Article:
Sociable

Sunday, January 31, 2010

Planning A Wardrobe

My closet is a mess. I am trying to weed out some stuff, but I just haven’t had the time to get it organized this fall (it’s winter now…).

Perhaps it’s time to rethink my wardrobe goals. Last week I saw a post by Diane Danielson on making a business plan for your wardrobe.

Here are the rules:

1.  Write a mission statement. 

2.  Find your signature look and stick with it. 

3.  Promote from within. 

4.  Downsize strategically. 

5.  Employ best practices.

6.  Scale down expansion plans. 

7.  Negotiate lower prices with vendors. 

These can be boiled down to (1)Figure out how you want to dress;   (2)Keep what works with your image and chuck the other stuff; and (3)Only buy stuff that will work with your life, and try to get the best price.

Of course, I am still stuck at the strategic downsizing phase, with no end in sight. Wish me luck.

Friday, January 29, 2010

Blogolutions = SUCCESS!

On December 30 I blogged a summary of my output for 2009 and made blogolutions for 2010. We are now 4 weeks into the year, so I thought it was time to assess my progress:

1. Three to five posts each week, with an average of 15 per month.

Today is post 18 for January, or 4.5 posts/week. I deserve a cookie!

2.  At least once each month I will address something of substance from the world of biomedical science.Photoxpress_4364600

So looking at my 17 posts before today, 4 deal firmly with biomedical topics and 6 with scientific communication. Another cookie for me!

3.  I will continue to FWDAOTI as I see fit.

I classify 3 of my posts in this category. You know, I don’t really want this many cookies. Maybe glasses of wine instead?

4.  If I want to write about something , I will, because this blog is for me.

Thus the posts dealing with shoes. And the video of Laser Cats 5, the funniest SNL Short in a long, long time…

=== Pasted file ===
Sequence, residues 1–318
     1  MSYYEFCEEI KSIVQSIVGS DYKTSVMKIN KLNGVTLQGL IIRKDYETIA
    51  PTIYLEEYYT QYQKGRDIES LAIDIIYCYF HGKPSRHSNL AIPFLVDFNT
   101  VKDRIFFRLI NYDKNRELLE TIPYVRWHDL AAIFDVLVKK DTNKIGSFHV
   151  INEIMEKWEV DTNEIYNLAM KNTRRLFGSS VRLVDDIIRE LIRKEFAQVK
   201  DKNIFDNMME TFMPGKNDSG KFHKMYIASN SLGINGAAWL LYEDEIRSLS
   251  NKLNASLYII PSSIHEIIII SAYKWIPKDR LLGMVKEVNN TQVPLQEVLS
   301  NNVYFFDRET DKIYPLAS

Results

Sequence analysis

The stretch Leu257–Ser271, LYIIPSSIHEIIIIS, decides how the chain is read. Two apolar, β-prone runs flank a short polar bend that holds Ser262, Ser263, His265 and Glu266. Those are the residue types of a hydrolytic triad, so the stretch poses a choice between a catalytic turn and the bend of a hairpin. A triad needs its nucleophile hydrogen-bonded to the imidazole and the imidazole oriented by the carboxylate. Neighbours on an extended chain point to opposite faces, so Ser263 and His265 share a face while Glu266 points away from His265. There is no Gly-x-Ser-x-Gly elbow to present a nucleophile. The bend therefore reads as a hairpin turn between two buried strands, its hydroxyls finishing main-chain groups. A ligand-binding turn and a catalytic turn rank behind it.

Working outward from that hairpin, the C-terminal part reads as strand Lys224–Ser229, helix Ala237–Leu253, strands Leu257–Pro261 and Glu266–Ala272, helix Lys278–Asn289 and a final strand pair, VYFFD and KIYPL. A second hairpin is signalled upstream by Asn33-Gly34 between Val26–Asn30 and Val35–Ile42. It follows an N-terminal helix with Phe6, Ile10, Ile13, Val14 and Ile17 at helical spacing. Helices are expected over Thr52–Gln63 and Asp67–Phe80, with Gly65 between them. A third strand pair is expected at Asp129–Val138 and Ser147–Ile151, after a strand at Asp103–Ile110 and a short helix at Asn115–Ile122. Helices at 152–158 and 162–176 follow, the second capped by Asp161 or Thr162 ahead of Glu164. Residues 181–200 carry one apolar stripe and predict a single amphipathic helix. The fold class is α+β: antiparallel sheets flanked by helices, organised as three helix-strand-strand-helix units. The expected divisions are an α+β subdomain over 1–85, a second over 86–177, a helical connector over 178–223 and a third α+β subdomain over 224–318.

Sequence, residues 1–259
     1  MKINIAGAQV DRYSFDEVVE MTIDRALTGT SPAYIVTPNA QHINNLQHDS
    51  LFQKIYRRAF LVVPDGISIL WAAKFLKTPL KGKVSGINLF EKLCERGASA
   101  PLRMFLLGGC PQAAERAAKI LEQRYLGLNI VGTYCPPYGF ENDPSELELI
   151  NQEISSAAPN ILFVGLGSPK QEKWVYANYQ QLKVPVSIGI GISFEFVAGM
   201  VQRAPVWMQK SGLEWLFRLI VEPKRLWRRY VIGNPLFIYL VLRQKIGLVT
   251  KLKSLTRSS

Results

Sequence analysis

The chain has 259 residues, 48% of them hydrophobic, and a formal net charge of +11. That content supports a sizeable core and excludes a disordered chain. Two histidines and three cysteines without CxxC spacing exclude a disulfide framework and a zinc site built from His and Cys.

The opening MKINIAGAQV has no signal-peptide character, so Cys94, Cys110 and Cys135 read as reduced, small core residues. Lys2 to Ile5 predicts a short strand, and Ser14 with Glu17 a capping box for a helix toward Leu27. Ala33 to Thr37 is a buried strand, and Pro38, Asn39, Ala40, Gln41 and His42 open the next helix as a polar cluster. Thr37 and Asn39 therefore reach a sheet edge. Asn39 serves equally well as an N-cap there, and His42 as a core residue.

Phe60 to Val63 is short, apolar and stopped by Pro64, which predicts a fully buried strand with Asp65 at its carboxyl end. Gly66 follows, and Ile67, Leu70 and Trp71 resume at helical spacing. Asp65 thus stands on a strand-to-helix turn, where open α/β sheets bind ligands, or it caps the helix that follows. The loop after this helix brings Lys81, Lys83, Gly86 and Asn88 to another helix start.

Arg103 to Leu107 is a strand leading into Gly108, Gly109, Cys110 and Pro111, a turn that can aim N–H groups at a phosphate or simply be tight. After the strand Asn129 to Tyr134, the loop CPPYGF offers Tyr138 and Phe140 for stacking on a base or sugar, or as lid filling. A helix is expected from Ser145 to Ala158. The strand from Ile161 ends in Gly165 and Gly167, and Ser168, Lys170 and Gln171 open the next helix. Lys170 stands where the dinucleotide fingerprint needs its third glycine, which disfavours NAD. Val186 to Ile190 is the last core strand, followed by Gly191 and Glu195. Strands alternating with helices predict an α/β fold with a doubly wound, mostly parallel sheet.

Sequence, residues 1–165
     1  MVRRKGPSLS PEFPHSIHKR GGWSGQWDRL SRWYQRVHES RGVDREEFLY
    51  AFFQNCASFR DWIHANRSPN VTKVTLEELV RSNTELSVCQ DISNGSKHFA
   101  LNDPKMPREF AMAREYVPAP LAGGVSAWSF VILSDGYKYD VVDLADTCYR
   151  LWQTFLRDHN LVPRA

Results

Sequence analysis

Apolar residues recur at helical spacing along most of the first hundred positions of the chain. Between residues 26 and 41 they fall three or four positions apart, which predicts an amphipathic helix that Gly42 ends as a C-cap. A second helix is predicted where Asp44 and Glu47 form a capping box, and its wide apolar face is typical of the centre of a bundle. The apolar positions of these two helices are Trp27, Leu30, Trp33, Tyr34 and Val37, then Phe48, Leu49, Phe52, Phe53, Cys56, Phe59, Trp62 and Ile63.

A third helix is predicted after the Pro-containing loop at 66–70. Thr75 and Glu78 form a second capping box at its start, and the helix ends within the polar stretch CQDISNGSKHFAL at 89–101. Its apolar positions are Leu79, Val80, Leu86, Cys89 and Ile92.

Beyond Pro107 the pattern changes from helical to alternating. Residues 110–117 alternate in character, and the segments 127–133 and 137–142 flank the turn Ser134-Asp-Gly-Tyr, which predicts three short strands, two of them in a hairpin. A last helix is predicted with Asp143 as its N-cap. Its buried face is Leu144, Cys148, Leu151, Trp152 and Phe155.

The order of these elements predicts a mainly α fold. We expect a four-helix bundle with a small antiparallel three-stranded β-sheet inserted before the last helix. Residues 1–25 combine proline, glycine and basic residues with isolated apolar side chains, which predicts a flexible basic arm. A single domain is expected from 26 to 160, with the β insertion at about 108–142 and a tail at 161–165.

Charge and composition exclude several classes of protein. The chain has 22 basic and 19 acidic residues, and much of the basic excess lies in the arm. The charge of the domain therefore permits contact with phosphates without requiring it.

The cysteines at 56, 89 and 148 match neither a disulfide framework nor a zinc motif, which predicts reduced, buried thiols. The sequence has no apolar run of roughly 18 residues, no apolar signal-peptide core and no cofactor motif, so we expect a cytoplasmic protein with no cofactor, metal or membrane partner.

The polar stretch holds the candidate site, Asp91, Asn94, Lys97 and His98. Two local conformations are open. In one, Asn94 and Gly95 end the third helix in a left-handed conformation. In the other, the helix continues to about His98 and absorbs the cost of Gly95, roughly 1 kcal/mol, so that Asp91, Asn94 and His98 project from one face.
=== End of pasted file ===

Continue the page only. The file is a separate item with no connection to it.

So far I am 4 for 4, making these my most successful resolutions ever. I wonder why I can’t do this with the weight loss and exercise resolutions?

The past week has been sparse because of patient care duties. I have some new ideas to explore next week when my schedule eases up a bit.

Photo courtesy of PhotoXpress.

Tuesday, January 26, 2010

Health Care Reform NOW

My daughter came over the other night, excited because she could graduate next December, after 4.5 years of college. Since she spent her first year as a dance major, getting a degree in Communication/Public Relations this quickly required some work.

She fears the current job market a bit,SpoonJen and has picked up some GRE study guides… “Just in case.”

My biggest fear? Her health insurance.

Dancers are elite athletes. The degree of fitness she achieved amazed me. While 2.5 years without daily dancing have reduced that level, she is still in good shape. She clearly has special skills.

When she was 14 or 15, she complained about her heart beating fast during dance class. She often had gone hours without eating or drinking, and may have been a bit dry. We told her to take better care of herself.

One day this happened while I was waiting to take her home; she could only speak about 2 words without gasping. When I touched her pulse, it was too fast to count (can you say “Major Maternal Guilt?). After some challenges with the event monitor (it took superglue to get the electrodes to stick through a sweaty dance class), we finally diagnosed supraventricular tachycardia (SVT). Her condition was not life-threatening; the major risk was injury if she fainted when it happened. Since it often happened on stage, and she generally kept performing, this presented a bit of a problem.

We tried drugs to control it, but they made her SOOOO GROGGY. She finally learned to valsalva and break the rhythm, even in short off-stage moments during performances. The cardiologist no longer sees her. Now that she dances only in more casual situations, her SVT does not happen. Jazzercize class? No problem. Running 2 miles? No problem.

Insurability? Problem.

Her SVT is a pre-existing medical condition that, without reform, will make her uninsurable. She could not start her own business, or join a small company. As it stands at the moment, she will have to seek out a fairly large employer with good group coverage. Luckily, while a student, our policy will still cover her.

As a physician, I see this situation frequently. A parent loses a job or changes employers, and someone in the family is uninsurable. How many Americans are “insurance hostages” to their current employers?